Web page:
2001: Instilling Confidence and Theatrical Flair in the Next Generation
Much changed since its humble beginnings as children’s acting classes held in Tina Williams’ living room, Young Actors Theatre has blossomed into a well-established program with a number of distinguished alumni.
Several of Williams’ former students have landed roles in Broadway shows, and a number of others also are working as professional actors. Still others, though they did not choose careers in acting, forged lifelong friendships and grew in their confidence and self-esteem because of the program.
Williams started Young Actors Theatre in the mid-1970s after a woman she met at a Springtime Tallahassee party told her, “I wish you’d offer classes in drama and speech — these boys and girls could really use it.”
Williams was interviewed in the September/October 2001 issue of Tallahassee Magazine, when Young Actors Theatre was celebrating its 25th anniversary. “I think about the children who come here very shy — hiding behind people whenever possible — and not terribly gifted,” she told author Dave Fiore. “When you see them on stage playing characters, you say, ‘Oh, she’s got it.’ You feel even more than if they were really talented, because you’ve reached someone. You see the development of a child.”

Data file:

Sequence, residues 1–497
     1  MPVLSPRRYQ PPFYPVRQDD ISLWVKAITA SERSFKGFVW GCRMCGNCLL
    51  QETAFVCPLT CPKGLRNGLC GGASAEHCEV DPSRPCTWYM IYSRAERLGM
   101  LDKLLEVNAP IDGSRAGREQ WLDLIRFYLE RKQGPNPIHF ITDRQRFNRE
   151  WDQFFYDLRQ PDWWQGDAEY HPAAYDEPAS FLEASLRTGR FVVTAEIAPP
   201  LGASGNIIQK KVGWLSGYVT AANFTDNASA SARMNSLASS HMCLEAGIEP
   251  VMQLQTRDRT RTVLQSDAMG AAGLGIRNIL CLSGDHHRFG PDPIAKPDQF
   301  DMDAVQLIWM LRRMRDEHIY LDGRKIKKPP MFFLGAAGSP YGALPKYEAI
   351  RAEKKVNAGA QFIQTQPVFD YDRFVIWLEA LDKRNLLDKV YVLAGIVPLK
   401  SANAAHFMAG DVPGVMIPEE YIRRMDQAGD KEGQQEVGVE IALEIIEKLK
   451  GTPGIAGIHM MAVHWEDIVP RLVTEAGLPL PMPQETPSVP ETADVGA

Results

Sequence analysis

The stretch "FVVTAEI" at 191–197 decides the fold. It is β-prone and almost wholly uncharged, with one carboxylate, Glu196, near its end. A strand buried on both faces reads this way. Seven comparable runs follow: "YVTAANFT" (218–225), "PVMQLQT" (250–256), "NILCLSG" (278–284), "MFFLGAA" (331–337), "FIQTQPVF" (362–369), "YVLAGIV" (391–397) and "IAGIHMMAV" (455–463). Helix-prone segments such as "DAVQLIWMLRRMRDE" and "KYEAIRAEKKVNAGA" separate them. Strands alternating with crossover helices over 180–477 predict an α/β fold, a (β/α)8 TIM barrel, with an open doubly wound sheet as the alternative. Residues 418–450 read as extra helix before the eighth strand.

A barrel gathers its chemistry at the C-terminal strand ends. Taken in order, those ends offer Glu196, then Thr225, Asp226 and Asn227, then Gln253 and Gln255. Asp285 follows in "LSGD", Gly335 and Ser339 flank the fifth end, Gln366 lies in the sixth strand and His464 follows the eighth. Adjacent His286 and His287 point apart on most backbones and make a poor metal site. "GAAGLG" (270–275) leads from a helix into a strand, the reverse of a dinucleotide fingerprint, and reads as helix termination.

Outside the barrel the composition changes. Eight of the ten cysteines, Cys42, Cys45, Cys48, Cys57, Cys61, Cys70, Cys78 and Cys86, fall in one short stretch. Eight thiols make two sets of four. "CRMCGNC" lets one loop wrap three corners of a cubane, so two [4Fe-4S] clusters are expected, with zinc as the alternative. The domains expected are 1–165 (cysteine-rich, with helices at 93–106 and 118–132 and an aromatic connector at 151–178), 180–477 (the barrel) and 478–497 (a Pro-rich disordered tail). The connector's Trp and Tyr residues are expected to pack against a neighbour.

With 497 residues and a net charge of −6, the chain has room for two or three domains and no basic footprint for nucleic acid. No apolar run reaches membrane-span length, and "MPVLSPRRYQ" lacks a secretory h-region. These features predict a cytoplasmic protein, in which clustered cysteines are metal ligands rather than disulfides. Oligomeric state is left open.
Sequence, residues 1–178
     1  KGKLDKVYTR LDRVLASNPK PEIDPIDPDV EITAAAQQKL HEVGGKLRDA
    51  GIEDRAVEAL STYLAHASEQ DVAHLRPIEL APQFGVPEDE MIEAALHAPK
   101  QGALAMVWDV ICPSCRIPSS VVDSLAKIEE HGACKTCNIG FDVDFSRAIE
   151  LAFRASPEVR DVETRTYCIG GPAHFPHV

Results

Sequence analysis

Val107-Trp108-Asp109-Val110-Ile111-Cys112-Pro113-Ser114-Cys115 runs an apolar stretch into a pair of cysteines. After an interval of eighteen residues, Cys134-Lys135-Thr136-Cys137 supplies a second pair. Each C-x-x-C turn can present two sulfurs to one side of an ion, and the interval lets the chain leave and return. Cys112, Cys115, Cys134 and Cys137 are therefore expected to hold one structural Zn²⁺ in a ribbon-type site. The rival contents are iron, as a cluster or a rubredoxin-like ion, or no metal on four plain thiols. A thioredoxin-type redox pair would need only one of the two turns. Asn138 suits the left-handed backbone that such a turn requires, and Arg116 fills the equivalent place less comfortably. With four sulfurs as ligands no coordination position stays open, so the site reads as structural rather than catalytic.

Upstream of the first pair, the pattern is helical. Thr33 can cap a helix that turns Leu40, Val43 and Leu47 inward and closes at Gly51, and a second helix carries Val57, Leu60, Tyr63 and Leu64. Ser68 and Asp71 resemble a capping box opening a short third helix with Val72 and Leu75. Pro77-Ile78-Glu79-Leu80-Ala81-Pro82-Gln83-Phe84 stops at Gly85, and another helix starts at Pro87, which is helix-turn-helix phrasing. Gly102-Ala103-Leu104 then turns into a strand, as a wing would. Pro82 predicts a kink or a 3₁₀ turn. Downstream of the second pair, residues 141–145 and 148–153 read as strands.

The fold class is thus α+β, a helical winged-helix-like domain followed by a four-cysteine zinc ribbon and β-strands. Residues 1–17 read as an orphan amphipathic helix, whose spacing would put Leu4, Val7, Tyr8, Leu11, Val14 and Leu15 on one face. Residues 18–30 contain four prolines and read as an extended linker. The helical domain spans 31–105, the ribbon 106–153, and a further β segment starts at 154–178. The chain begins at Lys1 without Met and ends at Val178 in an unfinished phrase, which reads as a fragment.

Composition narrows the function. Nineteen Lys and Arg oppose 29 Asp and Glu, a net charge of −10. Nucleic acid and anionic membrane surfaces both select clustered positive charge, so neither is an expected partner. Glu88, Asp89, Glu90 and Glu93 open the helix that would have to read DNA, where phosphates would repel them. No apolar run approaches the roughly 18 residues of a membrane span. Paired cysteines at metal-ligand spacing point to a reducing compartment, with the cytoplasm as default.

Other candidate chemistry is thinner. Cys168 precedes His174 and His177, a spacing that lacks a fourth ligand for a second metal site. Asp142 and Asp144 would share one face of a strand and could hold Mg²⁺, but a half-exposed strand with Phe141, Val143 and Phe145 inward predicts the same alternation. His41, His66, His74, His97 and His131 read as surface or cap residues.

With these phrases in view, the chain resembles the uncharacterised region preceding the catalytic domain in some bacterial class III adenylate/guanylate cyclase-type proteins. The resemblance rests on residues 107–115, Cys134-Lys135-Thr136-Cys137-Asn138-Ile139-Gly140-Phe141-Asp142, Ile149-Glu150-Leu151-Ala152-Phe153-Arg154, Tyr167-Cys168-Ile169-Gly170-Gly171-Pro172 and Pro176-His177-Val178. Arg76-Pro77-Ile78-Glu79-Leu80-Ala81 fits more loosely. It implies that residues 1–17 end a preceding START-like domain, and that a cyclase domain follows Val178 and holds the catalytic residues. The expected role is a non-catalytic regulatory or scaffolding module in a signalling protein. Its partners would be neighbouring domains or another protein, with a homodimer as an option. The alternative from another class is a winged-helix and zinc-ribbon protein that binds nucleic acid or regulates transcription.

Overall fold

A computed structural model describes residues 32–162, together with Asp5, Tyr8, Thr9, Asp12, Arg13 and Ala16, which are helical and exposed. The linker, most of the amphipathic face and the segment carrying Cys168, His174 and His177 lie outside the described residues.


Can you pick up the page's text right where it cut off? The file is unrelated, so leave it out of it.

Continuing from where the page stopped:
These days, Williams still seeks to help kids develop greater confidence.
Williams also wants her students to be exposed to all facets of the performing arts during their time at Young Actors Theatre. The theater offers instruction in dancing and music in addition to acting, and students who become part of the theater company often will move up through the ranks and help with stage directing, lighting, sound and props.
The theater’s music director, Allison Barrineau-Grimes, has been at Young Actors Theatre for 29 years now, and Williams said, the staff’s longevity is one thing that distinguishes her program from many others around the country.
Williams is proud of the difference Young Actors Theatre makes in young lives.
“They’re good speakers, and they’re not shy,” she said. “And that’s something that you need no matter what you do.”